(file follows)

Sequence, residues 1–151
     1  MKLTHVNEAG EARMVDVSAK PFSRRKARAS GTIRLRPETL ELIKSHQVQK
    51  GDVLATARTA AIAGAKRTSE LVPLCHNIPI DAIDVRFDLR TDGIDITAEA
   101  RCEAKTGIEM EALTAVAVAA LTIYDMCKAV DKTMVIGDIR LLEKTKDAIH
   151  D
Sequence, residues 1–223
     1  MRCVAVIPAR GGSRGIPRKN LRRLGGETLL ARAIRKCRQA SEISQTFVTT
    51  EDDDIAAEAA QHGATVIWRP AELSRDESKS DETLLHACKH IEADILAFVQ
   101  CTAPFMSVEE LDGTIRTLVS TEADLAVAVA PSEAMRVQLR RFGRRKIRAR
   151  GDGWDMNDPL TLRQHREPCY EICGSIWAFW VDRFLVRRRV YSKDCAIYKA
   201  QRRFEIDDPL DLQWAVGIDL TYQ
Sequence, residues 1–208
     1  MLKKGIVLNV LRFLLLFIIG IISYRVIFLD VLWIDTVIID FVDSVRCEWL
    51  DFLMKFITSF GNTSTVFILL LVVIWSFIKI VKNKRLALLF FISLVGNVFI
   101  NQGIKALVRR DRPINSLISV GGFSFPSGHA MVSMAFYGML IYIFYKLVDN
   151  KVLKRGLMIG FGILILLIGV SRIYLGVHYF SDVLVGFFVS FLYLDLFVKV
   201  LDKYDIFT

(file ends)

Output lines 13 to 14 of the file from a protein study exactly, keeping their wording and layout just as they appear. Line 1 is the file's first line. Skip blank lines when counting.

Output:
     1  MLKKGIVLNV LRFLLLFIIG IISYRVIFLD VLWIDTVIID FVDSVRCEWL
    51  DFLMKFITSF GNTSTVFILL LVVIWSFIKI VKNKRLALLF FISLVGNVFI